Somalia this month?

from the quill of Antisthenes

1 – “… as we left the station we could see a confused straggling line of women and children, goats, cattle and sheep, donkeys,and baggage stretching ahead for three miles. All was utter confusion and noise. Some women might be seen hurrying along with their goods, and dragging little children or goats after them. Others were seated mournfully in small groups with their loads before them, trying to soothe the crying of their children, while they waited for their fathers or husbands to join them. There were sick people who implored us to help them to get along, and wept and wrung their hands in an agony of despair at being left. The shouting of the people and crying of the children, lowing and bleating of cattle and goats, rose in a deafening uproar. Here and there a woman might be seen toiling bravely along with a huge load on her head, a baby slung across her back, and dragging a small child along. It was a pitiful sight… We passed several small children, too, abandoned by the road-side.

2 – “One of the extraordinary challenges I have is to help our supporters understand that as a child-focused organisation – for that what Word Vision is – that climate change is the greaatest potential violation of children rights in history. It is that serious.”

The first quotation is from The Diary of A.J.Mounteney Jephson: Emin Pasha Relief Expedition, 1887-1889. Jephson was describing the exodus from Wadelai, (north of Lake Albert, west of Lake Rudolf, equatorial Africa) in 1888. The people were leaving because of the advancing hordes of Mahdi, who today would be described as a peaceful, but misunderstood Muslim.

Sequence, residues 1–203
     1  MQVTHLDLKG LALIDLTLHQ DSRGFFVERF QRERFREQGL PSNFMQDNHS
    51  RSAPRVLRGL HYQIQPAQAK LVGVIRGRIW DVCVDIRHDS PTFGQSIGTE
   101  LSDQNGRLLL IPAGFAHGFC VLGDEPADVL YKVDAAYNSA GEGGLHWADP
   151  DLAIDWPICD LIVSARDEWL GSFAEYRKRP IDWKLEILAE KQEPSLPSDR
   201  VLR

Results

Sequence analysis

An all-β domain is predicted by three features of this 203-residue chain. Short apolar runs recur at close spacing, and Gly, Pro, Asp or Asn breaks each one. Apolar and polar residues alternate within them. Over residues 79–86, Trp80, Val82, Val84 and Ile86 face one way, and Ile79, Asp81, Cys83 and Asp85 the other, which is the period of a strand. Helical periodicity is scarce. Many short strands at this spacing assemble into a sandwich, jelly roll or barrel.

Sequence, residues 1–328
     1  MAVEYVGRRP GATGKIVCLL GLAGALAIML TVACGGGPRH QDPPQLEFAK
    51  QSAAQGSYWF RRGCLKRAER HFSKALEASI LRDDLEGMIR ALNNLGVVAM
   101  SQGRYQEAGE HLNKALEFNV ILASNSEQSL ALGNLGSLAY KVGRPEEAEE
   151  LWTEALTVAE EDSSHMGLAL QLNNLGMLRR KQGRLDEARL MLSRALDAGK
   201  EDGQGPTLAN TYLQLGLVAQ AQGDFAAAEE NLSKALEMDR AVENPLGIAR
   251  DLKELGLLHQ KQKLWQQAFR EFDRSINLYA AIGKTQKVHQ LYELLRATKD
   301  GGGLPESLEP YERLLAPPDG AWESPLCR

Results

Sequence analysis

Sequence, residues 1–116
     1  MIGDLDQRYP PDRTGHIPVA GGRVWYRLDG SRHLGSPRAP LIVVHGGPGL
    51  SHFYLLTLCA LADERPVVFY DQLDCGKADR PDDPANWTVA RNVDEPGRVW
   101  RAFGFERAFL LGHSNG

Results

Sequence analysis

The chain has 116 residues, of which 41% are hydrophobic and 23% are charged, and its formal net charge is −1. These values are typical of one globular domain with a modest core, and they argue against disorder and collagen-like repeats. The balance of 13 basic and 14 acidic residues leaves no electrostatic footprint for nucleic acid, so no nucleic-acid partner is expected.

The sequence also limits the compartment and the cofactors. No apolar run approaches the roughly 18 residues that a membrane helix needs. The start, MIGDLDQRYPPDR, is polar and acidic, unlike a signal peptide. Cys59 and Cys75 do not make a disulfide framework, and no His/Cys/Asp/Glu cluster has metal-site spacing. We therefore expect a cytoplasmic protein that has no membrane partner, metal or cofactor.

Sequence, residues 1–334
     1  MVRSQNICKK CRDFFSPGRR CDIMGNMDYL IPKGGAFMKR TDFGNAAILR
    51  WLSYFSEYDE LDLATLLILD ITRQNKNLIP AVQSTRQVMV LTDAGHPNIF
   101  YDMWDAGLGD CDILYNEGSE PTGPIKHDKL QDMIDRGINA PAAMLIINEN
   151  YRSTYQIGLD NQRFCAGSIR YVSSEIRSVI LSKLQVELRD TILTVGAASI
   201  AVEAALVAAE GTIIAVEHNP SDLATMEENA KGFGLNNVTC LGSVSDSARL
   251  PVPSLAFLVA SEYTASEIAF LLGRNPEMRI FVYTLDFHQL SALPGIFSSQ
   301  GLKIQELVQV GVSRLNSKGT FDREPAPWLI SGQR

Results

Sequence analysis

The second quotation is from the World Vision boss Tim Costello. (Melbourne Anglican, July 2011)

And some people are saying that I am too cynical.

 

About Antisthenes

A Greek philosopher, a pupil of Socrates. Led a revolt, with Diogenes, against the demands of the city-state and the sophistication of life. Accepted the interrelation of knowledge, virtue, and happiness; and sought the ideal condition for happiness in return to primitivism and self-sufficiency. Rejected all social distinctions as based on convention, scorned orthodox religion as a fabrication of lies, and studied early legends and animal life in order to arrive at a true understanding of natural law. The individual was free and self-sufficient when he was master of his passions, secure in his intelligence, impervious to social or religious demands, and satisfied with the poverty of a mendicant. Needless to say, a person who on the Fog of Chaos adopted the Athenian philosopher's name has nothing whatsoever in common with him.
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One Response to Somalia this month?

  1. Cheap Shot says:

    You can find of course quite a lot to identify the problems concerning the foreign aid and charitable endeavours. But the futility of that all, coupled with cynical heart-warming philosophy spells disaster for Africa.

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